I second Get Smart's recommendation of Kobo Abe (I translated and commented extensively on this author for my senior thesis in college). In particular, his Woman in the Dunes
is one of the modern classics of Japanese literature. It was also made into a brilliant movie.
Mishima is also good but was a better critic than author. He wrote an excellent story about seppuku
(ritual suicide by disembowelment) as aesthetic ideal. I don't recall the title at the moment.
Yasunari Kawabata's Snow Country
is wonderful and subtle. He won the Nobel Prize for Literature for this, largely thanks to Edward Seidensticker's translation.
Jun'ichi Tanizaki is also outstanding and quite accessible. In particular, In Praise of Shadows
is a wonderful short essay on Japanese aesthetics.
Ryunosuke Akutagawa is also worth reading, though I can't recommend one work in particular. His progressive madness culminating in suicide precipitated a kind of cultural crisis.
Anything by Natsume Soseki is worth reading. He is arguably the first Japanese author of the modern age.The Book of Tea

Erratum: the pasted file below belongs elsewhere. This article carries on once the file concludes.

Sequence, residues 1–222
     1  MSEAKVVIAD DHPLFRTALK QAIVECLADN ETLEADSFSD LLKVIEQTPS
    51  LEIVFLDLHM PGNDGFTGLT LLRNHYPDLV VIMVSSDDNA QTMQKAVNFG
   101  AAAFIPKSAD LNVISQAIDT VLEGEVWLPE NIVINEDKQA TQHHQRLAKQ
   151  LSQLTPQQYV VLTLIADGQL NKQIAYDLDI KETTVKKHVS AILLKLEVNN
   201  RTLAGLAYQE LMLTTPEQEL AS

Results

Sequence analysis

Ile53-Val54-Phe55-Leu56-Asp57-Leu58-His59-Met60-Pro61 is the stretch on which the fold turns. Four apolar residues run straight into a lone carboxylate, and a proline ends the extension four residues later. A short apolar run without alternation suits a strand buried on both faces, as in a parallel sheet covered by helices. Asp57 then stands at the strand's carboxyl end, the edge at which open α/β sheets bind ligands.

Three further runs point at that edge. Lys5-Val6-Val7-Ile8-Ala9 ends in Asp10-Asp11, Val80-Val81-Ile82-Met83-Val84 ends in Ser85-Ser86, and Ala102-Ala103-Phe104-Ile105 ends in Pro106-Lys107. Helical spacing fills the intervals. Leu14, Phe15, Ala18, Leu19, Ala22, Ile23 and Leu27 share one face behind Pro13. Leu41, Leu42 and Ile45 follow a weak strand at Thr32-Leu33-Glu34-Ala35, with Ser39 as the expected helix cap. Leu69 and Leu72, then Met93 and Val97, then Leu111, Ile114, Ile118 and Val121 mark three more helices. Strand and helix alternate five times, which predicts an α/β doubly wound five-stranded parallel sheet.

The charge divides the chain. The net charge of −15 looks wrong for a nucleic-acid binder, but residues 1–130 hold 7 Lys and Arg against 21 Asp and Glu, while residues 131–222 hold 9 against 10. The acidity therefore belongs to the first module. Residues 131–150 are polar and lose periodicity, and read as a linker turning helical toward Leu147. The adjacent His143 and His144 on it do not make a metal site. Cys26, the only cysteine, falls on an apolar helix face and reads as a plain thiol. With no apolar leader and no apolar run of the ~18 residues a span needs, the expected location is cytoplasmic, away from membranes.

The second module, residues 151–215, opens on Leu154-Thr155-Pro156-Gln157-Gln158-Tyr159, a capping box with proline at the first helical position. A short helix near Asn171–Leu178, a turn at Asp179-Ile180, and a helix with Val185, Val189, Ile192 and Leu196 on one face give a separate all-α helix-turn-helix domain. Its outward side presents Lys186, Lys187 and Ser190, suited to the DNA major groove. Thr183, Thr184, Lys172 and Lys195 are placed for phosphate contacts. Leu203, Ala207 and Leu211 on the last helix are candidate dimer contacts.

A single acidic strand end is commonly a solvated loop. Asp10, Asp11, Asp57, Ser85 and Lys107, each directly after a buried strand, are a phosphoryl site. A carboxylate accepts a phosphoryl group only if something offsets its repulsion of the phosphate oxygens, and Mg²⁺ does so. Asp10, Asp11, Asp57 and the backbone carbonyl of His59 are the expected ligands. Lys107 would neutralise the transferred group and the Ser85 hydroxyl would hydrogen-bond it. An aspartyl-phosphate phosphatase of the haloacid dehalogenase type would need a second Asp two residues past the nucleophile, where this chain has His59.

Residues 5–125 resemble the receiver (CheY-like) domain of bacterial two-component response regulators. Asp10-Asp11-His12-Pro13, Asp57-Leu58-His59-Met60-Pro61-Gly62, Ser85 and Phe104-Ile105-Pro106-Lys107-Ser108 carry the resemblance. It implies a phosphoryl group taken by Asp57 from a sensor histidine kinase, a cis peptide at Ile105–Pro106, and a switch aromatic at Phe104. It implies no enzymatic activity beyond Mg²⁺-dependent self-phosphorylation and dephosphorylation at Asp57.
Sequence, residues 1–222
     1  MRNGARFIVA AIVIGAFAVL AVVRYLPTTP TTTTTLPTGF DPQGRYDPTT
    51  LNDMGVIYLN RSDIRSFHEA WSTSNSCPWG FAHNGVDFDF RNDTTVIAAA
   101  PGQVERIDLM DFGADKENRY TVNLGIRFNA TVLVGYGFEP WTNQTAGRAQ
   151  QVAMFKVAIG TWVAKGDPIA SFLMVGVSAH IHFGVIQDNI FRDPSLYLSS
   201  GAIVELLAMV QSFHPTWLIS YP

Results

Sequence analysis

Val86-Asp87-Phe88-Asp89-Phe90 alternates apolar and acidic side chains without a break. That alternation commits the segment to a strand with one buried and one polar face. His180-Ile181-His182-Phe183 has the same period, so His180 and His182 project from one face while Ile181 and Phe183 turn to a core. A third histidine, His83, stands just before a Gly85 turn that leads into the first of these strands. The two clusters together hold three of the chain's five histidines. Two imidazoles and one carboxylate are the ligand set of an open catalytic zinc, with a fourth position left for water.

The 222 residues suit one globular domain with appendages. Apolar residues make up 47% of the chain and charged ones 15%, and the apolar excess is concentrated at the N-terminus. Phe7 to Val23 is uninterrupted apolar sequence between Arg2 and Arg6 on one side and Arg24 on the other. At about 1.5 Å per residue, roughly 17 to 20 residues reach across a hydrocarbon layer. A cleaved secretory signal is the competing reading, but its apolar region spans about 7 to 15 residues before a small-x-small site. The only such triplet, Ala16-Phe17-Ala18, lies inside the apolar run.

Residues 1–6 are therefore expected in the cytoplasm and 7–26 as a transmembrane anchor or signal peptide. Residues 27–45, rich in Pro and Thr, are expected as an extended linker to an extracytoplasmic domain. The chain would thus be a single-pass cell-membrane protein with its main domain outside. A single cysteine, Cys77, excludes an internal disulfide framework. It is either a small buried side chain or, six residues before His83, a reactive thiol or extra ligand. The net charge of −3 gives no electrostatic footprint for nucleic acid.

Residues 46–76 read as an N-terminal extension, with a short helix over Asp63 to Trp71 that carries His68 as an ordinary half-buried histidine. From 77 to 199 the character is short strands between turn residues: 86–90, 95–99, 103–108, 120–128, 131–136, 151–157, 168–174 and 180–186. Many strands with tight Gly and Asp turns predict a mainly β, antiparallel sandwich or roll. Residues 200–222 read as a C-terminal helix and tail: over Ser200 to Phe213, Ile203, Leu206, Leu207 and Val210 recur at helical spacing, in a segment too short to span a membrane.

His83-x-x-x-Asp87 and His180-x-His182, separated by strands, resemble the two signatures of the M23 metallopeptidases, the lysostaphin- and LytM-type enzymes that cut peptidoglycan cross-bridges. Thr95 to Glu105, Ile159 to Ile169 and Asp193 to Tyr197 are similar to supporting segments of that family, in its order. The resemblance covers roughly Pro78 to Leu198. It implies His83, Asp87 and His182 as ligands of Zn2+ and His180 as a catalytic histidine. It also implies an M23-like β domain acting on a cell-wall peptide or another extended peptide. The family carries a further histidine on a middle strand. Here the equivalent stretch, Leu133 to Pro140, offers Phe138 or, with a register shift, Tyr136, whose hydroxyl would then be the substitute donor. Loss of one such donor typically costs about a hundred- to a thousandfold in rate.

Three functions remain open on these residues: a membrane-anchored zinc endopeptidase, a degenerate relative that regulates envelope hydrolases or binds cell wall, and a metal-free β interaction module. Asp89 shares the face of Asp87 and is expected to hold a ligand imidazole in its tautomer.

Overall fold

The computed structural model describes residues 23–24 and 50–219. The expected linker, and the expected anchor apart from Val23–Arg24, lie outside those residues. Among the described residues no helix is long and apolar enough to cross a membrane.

by Kakuzo Okakura was originally written in English and is a delightful read on the subject of Japanese aesthetics.Ichiyo Higuchi
was a Meiji period authoress who is definitely worth a read. I have only read her Thirteenth Night
, which I don't believe has been translated. Her likeness now graces the 5000 yen note.The Narrow Road to the Deep North
by Matsuo Basho is the most read piece of classical Japanese literature and is a must-read if only because it was written by the father of haiku.
I also second Brian SD's recommendation of the Kodansha series with the facing-page translations.
For a medieval war story, The Tale of the Heike
is a really amazing epic. This is the seminal samurai drama.
If you're feeling particularly ambitious, read The Tale of Genji
all the way through. This is the mother of all Japanese liturature. I have not read the Seidensticker translation (shame on me!), but have read the more recent Royall Tyler translation, which is perhaps better for students of classical Japanese liturature, as Tyler has done his best to approximate the flavor the syntax of the original.